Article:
Current Areas of Study

The Eisenlohr lab spans many facets of immunology and virology.

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Mechanisms of Poxvirus Virulence Factors

Stephen is currently studying the cellular and molecular mechanisms of poxvirus virulence. Specifically, he works on the C15 ectromelia virulence protein, which is a member of the B22 family.

Unconventional Antigen Presentation

Mike uses the mouse model of influenza virus infection to study unconventional forms of antigen presentation, including: 1) the cell biology of endogenous MHC class II presentation, 2) the impact of endogenous vs. exogenous MHC class II presentation on CD4 T cell activation, 3) T cells restricted to non-classical MHC class I molecules, and 4) cryptic epitopes that are not derived from known functional proteins.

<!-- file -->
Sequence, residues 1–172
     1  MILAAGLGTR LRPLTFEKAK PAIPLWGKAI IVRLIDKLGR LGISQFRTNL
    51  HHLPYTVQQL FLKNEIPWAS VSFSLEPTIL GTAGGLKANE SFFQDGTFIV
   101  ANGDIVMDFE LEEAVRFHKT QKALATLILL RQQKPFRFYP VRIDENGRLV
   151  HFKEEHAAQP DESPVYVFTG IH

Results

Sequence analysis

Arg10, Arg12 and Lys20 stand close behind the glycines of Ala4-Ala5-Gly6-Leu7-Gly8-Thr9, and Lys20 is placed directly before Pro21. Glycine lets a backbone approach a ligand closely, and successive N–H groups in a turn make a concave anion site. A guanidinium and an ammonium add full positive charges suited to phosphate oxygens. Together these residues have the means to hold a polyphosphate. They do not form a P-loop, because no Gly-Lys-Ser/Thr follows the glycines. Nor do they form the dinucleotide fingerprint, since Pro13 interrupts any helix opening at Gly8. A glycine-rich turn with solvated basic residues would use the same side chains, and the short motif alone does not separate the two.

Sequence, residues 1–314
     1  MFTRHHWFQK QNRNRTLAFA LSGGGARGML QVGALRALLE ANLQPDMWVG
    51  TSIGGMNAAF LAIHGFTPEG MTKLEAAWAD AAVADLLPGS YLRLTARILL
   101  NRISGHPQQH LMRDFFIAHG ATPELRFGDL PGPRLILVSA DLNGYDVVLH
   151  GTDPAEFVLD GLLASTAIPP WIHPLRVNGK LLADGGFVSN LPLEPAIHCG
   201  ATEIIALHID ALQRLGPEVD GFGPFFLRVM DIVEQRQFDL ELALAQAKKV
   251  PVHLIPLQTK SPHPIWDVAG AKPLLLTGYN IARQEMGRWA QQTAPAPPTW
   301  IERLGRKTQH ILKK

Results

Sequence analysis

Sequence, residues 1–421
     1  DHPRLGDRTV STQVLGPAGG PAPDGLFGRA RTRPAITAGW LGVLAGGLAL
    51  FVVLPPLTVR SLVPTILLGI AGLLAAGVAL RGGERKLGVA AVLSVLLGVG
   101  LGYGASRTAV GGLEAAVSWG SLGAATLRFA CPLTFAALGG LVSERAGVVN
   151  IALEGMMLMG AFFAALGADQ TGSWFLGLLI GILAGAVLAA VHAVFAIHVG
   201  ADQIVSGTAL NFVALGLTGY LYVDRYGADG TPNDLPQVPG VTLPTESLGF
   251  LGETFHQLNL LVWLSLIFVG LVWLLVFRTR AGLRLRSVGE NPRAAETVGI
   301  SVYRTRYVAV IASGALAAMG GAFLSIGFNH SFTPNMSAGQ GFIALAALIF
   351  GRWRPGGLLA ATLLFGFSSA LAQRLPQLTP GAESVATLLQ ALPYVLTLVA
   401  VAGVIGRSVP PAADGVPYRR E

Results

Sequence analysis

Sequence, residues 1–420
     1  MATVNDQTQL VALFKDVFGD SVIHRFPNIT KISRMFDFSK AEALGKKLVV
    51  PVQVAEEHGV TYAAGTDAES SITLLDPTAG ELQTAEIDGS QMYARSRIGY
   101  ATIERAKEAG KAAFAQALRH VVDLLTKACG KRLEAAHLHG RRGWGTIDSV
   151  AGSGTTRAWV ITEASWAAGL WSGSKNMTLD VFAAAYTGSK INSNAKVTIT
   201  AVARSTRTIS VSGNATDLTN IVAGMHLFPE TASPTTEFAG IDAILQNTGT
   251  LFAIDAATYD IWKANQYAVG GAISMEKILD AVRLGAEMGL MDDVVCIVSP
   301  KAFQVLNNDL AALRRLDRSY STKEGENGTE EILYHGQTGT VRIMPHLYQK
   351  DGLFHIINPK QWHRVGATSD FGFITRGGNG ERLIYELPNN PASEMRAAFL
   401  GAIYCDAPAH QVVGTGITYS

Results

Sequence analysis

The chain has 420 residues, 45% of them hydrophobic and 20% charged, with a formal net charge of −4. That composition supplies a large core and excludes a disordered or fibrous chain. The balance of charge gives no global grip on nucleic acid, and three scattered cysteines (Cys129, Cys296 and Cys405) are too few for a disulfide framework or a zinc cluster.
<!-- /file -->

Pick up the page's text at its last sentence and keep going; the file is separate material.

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Immune Responses in Eosinophilic Esophagitis (EoE)

Eric is currently studying the role of antigen presentation in the allergic disease, eosinophilic esophagitis (EoE).

Viral Triggers of Autoimmunity

Julia studies the interaction between viral infection and dysregulated immune responses. She plans to explore how viruses may trigger alterations in antigen processing and presentation that promote the development of autoimmune/autoinflammatory diseases.

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Interrogating Non-classical Antigen Presentation through High-throughput Screens

Our technicians, Christabel and Emma, use targeted knockdowns and knockouts to investigate the pathways used to process and present model influenza virus antigens.

MHCII on Type II Alveolar Cells as a Regulator of Immune Response to Virus

Kate's project arose from the observation that Class II MHC (MHCII) is expressed on type II alveolar epithelial cells in a similar pattern to antigen presentation cells. She plan to explore how MHCII expression on these cells influences the immune response to pulmonary viruses, including a murine model of coronavirus.

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